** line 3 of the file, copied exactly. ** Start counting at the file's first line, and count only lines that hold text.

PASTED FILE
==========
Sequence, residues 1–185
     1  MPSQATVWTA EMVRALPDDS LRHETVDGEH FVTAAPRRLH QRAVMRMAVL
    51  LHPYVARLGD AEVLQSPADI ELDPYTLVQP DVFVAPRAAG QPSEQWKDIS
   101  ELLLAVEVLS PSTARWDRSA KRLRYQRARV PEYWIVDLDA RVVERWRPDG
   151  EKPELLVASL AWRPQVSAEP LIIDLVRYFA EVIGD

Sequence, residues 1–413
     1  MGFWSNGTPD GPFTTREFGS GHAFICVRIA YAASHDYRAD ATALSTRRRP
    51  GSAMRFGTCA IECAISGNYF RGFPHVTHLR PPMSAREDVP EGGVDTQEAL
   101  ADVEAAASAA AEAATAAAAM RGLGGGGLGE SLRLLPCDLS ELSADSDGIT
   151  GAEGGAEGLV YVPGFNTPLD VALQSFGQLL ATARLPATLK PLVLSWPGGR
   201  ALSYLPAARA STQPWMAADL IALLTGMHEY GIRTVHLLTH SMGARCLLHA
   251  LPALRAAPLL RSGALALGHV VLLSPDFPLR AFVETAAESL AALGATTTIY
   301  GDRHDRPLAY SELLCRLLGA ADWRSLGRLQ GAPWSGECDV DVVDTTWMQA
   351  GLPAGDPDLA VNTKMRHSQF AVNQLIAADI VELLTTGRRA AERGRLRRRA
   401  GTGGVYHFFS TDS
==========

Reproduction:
    51  LHPYVARLGD AEVLQSPADI ELDPYTLVQP DVFVAPRAAG QPSEQWKDIS